Welcome Back!

Message from Cambridge SE-PAC Liaison Zuleka Queen-Postell

I am a lifetime resident of Cambridge and a Cambridge Public School Graduate. My position as SE-PAC Liaison (Special Education Parent Advisory Council Liaison) is to serve ALL families who have a student in Cambridge with an IEP or 504 plan by helping you to better understand your Special Education Rights, assisting with navigating the CPSD programming, and organizing opportunities for families to meet with the school committee and administration to add an important voice to a school district’s dialogue and decision making.

ALL parents of students with an IEP or 504 are members of the Cambridge SE-PAC (Special Education Parent Advisory Council).  SE-PAC’s have tremendous potential to have a positive impact on special education programs in a school district. PACs can provide invaluable activities for parents, and as mentioned above add an important voice to a school district’s dialogue and decision making.

SE-PAC meeting are generally held the third Thursday of each month, with this year’s schedule as follows:

  • September 20, 2018
  • October 18, 2018
  • November 15, 2018
  • December 13, 2018
  • January 17, 2019
  • February 21, 2019
  • March 14, 2019
  • April 18, 2019
  • May 16, 2019
  • June 13, 2019

The SE-PAC board members meet monthly with Dr. Alexis Morgan, our new Assistant Superintendent of Student Services and have meetings throughout the year with members of School Committee.

At this time we would like to welcome you to the 2018-2019 school year, and invite you to become an active member of the SE-PAC. We will be holding elections for this year’s officers at our monthly meeting on Oct. 18. We would love to have you run of office, please see our ballot HERE.

New Website: Educational Placement Options

FCSN logoThe Federation for Children with Special Needs has launched a new website that aims to support families of students whose needs are unable to be met within their school district. According to FCSN, this website is designed to benefit:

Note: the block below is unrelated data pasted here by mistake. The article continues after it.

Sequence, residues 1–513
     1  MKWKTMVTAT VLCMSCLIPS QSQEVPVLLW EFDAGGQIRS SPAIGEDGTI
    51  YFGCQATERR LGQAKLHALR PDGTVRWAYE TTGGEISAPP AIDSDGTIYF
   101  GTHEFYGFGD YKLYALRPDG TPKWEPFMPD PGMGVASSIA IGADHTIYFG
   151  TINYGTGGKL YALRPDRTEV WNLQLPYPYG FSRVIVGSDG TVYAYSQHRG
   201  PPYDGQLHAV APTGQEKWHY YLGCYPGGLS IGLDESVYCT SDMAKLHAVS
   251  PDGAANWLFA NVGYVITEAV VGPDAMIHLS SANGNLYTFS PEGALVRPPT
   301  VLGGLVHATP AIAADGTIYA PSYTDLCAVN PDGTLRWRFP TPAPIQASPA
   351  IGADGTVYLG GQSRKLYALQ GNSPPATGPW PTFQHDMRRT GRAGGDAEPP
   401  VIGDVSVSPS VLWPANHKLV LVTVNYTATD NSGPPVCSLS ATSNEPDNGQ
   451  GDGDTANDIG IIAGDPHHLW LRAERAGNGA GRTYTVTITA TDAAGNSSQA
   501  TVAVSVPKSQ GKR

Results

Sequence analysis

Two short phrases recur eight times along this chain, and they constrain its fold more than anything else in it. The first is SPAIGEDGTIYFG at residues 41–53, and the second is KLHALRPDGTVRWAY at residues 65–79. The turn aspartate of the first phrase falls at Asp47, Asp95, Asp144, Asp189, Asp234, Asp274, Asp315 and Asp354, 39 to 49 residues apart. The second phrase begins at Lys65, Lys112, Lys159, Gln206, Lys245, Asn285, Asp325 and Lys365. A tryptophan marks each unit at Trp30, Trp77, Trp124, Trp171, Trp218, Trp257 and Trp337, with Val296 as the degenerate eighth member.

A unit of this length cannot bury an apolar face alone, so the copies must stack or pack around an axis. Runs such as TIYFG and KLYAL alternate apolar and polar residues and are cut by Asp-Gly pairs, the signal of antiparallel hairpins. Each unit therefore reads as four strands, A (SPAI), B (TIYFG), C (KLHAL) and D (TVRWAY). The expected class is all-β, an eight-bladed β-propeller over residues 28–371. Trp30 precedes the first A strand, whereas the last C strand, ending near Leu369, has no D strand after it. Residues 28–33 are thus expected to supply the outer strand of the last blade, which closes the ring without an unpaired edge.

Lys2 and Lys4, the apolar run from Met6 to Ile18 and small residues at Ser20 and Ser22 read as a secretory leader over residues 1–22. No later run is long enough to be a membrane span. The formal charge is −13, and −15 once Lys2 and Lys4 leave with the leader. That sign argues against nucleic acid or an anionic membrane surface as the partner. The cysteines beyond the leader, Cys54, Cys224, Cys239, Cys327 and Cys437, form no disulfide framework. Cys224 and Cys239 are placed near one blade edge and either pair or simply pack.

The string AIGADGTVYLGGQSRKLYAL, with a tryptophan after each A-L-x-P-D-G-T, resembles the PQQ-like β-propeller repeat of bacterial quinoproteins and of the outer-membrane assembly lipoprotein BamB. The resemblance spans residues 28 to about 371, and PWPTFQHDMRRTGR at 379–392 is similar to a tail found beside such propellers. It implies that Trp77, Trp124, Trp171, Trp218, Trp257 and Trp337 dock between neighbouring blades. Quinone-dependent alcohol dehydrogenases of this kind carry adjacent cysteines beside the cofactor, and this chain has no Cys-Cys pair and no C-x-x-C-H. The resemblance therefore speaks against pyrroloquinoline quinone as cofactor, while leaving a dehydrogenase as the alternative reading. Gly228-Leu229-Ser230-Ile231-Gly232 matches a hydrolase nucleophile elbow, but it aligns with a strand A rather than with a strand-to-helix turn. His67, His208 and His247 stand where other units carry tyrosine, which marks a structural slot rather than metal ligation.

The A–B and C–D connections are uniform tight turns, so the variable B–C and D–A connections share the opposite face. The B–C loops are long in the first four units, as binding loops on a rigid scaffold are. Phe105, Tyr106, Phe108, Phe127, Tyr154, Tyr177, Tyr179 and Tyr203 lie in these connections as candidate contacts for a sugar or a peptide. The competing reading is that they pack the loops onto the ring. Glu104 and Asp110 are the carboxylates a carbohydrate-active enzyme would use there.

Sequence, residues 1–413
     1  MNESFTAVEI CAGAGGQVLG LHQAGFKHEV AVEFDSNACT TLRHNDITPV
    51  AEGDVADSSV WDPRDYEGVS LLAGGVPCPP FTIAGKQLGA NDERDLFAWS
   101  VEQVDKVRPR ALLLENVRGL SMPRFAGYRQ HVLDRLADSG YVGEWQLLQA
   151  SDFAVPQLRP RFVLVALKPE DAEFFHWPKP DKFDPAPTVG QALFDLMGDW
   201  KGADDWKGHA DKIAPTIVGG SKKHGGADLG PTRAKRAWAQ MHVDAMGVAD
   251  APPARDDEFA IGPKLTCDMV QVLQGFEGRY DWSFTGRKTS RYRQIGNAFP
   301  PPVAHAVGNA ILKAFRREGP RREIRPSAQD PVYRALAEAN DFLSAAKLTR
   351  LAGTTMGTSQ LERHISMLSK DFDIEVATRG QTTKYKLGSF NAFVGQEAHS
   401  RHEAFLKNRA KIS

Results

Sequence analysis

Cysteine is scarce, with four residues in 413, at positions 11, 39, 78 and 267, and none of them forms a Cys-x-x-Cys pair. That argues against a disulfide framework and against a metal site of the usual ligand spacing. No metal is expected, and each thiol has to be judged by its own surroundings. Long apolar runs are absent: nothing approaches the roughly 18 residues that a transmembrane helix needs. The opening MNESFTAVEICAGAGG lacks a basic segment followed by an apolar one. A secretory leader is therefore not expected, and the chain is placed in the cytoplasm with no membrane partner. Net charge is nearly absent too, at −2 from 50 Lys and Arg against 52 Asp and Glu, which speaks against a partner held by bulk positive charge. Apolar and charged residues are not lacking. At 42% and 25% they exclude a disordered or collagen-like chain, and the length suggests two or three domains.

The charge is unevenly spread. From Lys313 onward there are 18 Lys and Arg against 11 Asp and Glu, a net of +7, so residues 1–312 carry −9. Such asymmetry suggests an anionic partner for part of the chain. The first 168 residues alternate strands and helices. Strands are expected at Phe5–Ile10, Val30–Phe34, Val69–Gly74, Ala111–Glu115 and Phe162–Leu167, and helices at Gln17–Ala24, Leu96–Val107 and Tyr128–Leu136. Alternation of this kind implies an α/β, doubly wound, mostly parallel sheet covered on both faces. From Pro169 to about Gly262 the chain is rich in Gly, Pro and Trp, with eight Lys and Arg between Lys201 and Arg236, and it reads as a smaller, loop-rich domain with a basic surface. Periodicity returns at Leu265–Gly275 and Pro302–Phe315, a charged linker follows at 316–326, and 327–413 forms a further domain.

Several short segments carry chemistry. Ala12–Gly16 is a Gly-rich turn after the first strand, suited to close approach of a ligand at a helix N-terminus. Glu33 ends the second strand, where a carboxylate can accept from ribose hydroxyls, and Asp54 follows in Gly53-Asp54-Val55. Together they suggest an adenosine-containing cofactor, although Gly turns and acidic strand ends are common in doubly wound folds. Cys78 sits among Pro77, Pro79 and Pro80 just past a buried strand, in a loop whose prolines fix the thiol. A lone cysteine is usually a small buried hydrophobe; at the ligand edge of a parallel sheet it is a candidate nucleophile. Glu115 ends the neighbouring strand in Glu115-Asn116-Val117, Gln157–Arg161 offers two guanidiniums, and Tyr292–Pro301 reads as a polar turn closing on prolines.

• Families of children receiving special education services (i.e., on an IEP or 504 Plan) but who do not feel that their child’s needs are being met;
  • Parents of have questions about alternative options to their child’s current placement;
  • Parents of children with complex needs who may require an alternative school program or private day school;
  • Parents considering or already coping with residential placement for their child of any age (including adult children), and would like emotional support for the unique stressors of this experience;
  • Professionals working with children with complex challenges wishing to better understand the perspective and needs of families considering and experiencing private placement.

Read more at https://fcsn.org/sepo/

Resous nan kreyòl ayisyen (Resources in Haitian Creole)

FCSN logoYou can find videos, slideshows, and audio presentations in Haitian Creole, providing important information about special education. Go to fcsn.org/outreach/haitiancreole to access:

  • Special Education Audio files / Edikasyon Espesyal Atelye Dosye Son
    • Dwa Debaz nan Edikasyon Espesyal
    • Konprann Pwosesis Planifikasyon Tranzisyon
  • YouTube Webinars / Webinars sou YouTube
  • Slideshare Presentations / Prezantasyon sou Slideshare

Educar, Informar y Empoderar a las Familias (Educate, Inform & Empower Families)

FCSN logoLa Federación para Niños con Necesidades Especiales se creó en Massachusetts 1974 como un pequeño grupo de padres de familia con un interés en común, organizar una mejor asistencia para sus hijos con necesidades especiales.

Un nuevo sitio web está disponible para proporcionar información útil en español. Los videos, hojas informativas y más están disponibles en http://fcsn.org/spanish.


Meet with CPS & OSS Leadership

Please Join us…

End of Year Roundtable
with Superintendent of Schools Kenny Salim
and the Office of Student Services Cabinet

Thursday May 17th at 6PM
Cambridge Citywide Senior Center – 806 Mass Ave
Childcare and Dinner provided

Come hear what CPS has accomplished this year and what their plans are for next year! This is also an opportunity to share your experiences of your 2017-2018 school year. Please RSVP HERE.

If you have questions or require childcare, please contact Zuleka Queen-Postell at ZQueen-Postell@cpsd.us or (617) 593-4402.


DESE Needs Our Help!

The Massachusetts Department of Elementary and Secondary Education (DESE) wants your feedback for the Massachusetts IEP Improvement Project. This feedback is needed to make advancements with this initiative.

District administrators and other staff have provided their feedback, and DESE is following up with a second survey specific to families, students with IEPs, and other interested parties. They need our assistance sharing and completing this survey, which is available in English, Spanish, Portuguese, and Haitian Creole. This survey is open now through May 18th.

You can assist by completing the survey HERE

Updated information about the status of the Massachusetts IEP Improvement Project will continue to be posted on their website. (http://www.doe.mass.edu/sped/ImproveIEP/)